Such treatment would be faced by prisoners in Iraq and others randomly detained as part of the “war on terror”. In the weeks following the invasion of Afghanistan the first detainees arrived in Guantanamo Bay, the US base in Cuba. The image of prisoners in orange jumpsuits, confined in small cages, often in perpetuity, summed up the callous disregard for human rights of the Bush administration and its successors. 

The attacks of 9/11 became the pretext for the Bush administration to launch its “war on terror” — the opening salvos of which began in Afghanistan, which was invaded the following month. After the quick deposing of the Taliban regime, the war-mongering hawks, notably the recently deceased Donald Rumsfeld and Vice-President Dick Cheney, and the cabal of neoconservative “intellectuals” surrounding them, such as Paul Wolfowitz, set their sights on Iraq. 

Unfettered power 

In the late 1990s, these neo-conservative ideologues began to coalesce in think tanks such as the “Project for an American Century”, arguing that in the era following the end of the Cold War and collapse of Stalinism, that all barriers, or perceived barriers, facing US imperialism needed to be removed. The war in Afghanistan flowed from the immediate necessity of restoring the prestige of US imperialism after the attack on the Twin Towers, but more broadly it was quickly weaponised to enable the neoconservatives to put into practice their fantasies of unfettered global domination.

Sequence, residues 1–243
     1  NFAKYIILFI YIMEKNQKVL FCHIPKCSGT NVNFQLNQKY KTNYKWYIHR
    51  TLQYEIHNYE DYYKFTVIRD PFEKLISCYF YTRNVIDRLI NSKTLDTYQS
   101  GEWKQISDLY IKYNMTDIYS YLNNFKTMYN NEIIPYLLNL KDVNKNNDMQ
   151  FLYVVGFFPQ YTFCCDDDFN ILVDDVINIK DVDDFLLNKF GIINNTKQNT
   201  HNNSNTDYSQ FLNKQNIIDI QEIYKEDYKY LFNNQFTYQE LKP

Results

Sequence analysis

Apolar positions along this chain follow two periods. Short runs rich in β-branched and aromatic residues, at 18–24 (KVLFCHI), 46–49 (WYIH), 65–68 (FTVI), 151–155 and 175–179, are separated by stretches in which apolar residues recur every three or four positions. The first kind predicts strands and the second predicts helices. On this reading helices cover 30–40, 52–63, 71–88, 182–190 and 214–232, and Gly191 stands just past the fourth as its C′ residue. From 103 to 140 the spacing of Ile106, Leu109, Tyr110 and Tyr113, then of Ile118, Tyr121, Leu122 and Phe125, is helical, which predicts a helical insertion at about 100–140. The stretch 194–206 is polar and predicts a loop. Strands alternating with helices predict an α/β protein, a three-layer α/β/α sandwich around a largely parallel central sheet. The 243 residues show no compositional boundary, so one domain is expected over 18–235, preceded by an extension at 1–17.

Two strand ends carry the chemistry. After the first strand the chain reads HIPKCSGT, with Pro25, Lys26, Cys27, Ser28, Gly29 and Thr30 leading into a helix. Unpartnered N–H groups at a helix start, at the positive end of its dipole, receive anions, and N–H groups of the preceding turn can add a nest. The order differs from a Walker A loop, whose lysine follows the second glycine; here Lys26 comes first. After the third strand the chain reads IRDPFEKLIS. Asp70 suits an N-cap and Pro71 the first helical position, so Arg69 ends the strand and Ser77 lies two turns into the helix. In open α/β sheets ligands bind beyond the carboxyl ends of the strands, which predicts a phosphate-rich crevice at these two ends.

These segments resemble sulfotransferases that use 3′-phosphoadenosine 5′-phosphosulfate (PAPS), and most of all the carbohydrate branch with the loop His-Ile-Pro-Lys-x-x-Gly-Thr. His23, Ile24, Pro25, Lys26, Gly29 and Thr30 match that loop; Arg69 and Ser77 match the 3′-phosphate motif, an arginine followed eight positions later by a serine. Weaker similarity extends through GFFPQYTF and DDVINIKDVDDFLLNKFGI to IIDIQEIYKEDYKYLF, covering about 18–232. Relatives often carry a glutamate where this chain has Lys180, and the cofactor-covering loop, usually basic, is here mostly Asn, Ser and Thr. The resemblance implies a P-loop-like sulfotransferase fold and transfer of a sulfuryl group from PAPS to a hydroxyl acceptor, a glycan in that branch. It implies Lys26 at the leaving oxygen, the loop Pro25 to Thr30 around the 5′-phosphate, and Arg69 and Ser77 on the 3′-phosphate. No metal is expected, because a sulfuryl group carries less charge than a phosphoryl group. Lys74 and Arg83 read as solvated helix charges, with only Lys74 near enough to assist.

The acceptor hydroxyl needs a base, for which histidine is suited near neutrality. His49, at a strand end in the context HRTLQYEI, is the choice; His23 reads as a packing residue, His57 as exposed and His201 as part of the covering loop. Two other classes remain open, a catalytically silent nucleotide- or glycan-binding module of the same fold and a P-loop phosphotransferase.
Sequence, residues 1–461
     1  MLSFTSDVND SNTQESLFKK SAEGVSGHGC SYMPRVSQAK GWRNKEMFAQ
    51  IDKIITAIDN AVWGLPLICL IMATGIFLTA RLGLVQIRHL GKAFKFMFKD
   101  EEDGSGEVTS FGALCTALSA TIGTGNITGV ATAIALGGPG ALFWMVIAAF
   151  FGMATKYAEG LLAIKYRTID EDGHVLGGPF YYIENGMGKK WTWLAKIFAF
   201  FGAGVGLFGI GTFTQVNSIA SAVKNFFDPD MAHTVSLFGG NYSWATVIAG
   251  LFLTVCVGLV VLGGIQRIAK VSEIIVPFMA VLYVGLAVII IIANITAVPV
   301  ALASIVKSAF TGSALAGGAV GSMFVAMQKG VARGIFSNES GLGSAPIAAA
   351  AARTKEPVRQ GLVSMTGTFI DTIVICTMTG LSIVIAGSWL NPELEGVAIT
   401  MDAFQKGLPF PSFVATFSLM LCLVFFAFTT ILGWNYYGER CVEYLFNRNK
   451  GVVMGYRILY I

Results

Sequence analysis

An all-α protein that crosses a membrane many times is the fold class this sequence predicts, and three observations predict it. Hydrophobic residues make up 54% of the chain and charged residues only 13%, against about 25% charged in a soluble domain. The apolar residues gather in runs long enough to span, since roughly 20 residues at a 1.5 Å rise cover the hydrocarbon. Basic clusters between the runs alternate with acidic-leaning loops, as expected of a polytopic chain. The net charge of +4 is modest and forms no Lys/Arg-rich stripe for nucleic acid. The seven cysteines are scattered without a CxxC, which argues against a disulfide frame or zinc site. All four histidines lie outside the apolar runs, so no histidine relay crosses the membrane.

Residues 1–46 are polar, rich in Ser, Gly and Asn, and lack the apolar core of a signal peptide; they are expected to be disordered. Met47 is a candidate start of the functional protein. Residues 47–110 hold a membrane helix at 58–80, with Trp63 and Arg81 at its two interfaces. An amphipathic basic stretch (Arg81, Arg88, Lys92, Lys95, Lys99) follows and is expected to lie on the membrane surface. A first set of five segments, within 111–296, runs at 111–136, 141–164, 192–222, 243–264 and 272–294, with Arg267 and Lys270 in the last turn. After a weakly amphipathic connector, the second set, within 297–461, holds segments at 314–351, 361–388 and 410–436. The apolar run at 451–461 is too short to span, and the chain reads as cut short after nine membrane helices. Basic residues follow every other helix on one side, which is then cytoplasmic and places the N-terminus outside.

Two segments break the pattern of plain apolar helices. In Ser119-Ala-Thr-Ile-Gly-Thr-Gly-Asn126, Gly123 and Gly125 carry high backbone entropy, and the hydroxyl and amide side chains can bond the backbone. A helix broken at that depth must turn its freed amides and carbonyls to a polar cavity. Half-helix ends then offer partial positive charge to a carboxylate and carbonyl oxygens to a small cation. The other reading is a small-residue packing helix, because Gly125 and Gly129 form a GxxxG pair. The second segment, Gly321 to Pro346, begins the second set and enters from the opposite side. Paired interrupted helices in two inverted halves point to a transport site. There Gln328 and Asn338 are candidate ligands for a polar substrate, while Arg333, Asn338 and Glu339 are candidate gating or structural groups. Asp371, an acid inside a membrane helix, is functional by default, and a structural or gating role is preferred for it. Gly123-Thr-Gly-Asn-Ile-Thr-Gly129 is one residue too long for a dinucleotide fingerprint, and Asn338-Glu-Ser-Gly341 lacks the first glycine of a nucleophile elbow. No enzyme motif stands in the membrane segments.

This took the form of wars for “regime change”, most notably in Iraq. They would bring untold misery to the Iraqi people and to the wider region, the consequences of which are still evident today and will be for years to come. For the world’s largest military power, these wars have largely proven to be disasters and the imperial hubris of the Bush administration seems to be little more than a bitter memory. As the Socialist Party and International Socialist Alternative (then called the Committee for a Workers’ International) predicted, the limitations of the power of US imperialism proved to be all too real. 

War—an institution of capitalism 

Wars and political instability are only some of the problems faced by capitalism today. Twenty years on and economic and ecological crises, both in the form of the pandemic and climate change, now dominate.

With Orwellian irony, the war and invasion of Afghanistan was named “Operation Enduring Freedom” in 2001. Few Afghans will consider themselves free, or secure in any way, and certainly not due to this two-decades-long imperialist adventure which has now come to an end. The words of the Roman historian Tacticus when describing the wars of imperial Rome come to mind, “they make a desert and call it peace”. Naturally, many Afghans will look with a sense of foreboding at the prospect of the Taliban reasserting its oppressive rule, or with Afghanistan descending into a more prolonged civil war. 

War is an institution of capitalism and imperialism, a continuation of its systematic desire to exploit the world at the expense of the working and poor masses. This bloody system must go and be replaced with a socialist world, where natural and economic resources are publicly owned, democratically controlled and planned by the working class and the oppressed. This is the only material foundation upon which a society of harmony, peace, and justice can be built.